July 2, 2011

Aperture Science Handheld Portal Device (Portal Gun)

For those of you unfamiliar with the games, Portal is a unique first-person puzzle game made by Valve, the same people who made Left 4 Dead, Team Fortress 2, and Half Life. Rather than being a “murder simulator” like many other games out there, Portal requires the player to solve a series of puzzles using the Apature Science Handheld Portal Device which creates a worm hole connecting two surfaces while conserving velocity and momentum. It has been a huge cultural hit, inspiring several internet memes, Half-Life mods, and merchandise. It also has made one particular prop builder in Atlanta, Volpin Props, insanely famous in the prop building and video game community when he made a replica of the gun for his wife.

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Volpin’s Portal Gun


Typically, I try not to work on projects that someone already set the standard for, but I am a big fan of the Portal games and decided I really wanted to have my own Portal gun to play around with. I started of making the center barrel using 3” and 4” PVC and some plastic left over from other projects. The rear section of the gun is made from two 4” PVC couplers.

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Prototype barrel.

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Barrel with coupler support.

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Final barrel with Back Ring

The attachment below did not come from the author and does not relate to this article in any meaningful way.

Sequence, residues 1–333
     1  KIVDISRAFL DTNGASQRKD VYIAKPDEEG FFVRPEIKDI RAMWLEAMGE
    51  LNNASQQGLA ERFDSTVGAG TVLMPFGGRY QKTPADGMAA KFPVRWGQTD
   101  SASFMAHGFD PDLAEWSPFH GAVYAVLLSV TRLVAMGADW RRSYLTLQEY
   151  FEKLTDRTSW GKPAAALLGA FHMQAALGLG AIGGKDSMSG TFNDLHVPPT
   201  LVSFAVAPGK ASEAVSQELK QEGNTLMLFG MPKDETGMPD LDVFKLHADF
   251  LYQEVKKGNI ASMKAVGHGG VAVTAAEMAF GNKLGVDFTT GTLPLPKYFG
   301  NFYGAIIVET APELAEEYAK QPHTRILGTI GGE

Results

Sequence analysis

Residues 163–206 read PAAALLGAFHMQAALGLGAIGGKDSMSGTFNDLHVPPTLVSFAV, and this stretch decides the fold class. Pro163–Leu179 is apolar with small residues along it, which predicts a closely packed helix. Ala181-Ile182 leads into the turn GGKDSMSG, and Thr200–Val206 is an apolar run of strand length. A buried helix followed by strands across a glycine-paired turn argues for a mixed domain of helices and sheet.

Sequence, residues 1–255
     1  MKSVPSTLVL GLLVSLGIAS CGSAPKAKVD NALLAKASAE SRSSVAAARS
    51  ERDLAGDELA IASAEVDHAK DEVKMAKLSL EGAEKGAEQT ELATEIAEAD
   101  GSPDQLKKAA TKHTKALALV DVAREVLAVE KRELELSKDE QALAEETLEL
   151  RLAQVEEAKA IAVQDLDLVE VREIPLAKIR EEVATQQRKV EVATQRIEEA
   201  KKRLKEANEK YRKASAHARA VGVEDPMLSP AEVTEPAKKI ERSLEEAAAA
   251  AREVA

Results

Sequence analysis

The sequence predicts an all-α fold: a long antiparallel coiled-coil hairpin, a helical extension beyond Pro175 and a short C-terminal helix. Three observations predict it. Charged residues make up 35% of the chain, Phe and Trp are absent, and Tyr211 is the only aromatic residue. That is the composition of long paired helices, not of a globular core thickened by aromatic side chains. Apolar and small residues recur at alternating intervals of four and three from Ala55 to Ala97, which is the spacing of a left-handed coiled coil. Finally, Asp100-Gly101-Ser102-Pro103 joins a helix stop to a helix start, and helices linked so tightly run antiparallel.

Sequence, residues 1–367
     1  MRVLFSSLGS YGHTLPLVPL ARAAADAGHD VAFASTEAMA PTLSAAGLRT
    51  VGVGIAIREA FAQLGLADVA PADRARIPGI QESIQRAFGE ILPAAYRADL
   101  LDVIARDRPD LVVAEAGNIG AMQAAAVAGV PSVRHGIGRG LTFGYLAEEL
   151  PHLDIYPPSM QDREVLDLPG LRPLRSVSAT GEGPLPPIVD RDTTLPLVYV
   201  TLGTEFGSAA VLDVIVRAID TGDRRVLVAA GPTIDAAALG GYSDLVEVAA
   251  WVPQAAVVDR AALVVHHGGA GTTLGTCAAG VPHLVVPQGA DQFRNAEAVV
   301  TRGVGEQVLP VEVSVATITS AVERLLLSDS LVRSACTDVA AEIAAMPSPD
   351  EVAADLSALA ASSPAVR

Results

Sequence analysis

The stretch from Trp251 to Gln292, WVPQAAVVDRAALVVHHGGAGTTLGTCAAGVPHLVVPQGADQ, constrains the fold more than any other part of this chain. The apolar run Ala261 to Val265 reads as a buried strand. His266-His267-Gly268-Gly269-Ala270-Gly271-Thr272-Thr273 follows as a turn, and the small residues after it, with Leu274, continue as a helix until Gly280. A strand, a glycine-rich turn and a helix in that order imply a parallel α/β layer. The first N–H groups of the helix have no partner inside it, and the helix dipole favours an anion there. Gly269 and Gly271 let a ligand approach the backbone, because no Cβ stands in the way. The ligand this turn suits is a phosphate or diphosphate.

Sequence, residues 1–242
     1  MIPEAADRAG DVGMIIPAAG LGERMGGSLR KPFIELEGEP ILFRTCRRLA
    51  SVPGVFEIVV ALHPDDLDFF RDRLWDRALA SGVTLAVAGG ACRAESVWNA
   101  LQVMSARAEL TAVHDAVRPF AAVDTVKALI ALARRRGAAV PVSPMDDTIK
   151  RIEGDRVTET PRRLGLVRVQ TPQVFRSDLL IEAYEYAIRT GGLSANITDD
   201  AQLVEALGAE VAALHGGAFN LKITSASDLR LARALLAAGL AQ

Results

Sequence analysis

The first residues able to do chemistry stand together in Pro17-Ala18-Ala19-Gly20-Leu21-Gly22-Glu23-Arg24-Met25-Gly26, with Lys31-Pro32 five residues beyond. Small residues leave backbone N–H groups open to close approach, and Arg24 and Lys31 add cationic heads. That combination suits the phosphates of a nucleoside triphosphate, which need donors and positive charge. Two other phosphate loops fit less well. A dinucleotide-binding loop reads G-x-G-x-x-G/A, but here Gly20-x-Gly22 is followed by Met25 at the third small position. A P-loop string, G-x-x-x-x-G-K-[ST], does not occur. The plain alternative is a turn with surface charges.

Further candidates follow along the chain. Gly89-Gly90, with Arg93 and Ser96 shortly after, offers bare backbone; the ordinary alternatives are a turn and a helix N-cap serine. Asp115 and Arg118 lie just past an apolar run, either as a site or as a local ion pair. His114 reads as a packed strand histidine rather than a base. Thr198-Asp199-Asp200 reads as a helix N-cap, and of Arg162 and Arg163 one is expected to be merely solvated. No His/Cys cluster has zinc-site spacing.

For the shells, I started of making a rough skeleton with cardboard and hot glue, and then filled in the area with expanding foam filler. Using the cardboard as a guide I carved the foam into the desired shape. While working on Delta I learned that the resin will cause the expanding foam to sag and pit, so I covered the foam with a layer of paper mache before I glassed the shells. After fiberglass the shells were shaped with bondo and a lot of sanding. For the back shell I used a thread to draw the groove line and used a dremmel to carve it as well as the indicator light port. The nubs for the hoses were cast from a block mold and blended into the shell with bondo.

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After Carving Foam

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Fiber Glass Added. You can see the paper mache underneath.

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Shaping with Bondo

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Filling in Small Gaps

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Adding the Indicator Slot and Grove

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Front Shell


Originally I wanted to have someone lathe the nozzle piece but decided to make it myself. Starting with a piece of 2.5” diameter PVC, I made a center balsa ring similar to how I did the tanks of Delta. The angles sections were made by using MDF rings and then filling the angle with bondo. Not bad for not having a circle cutter either.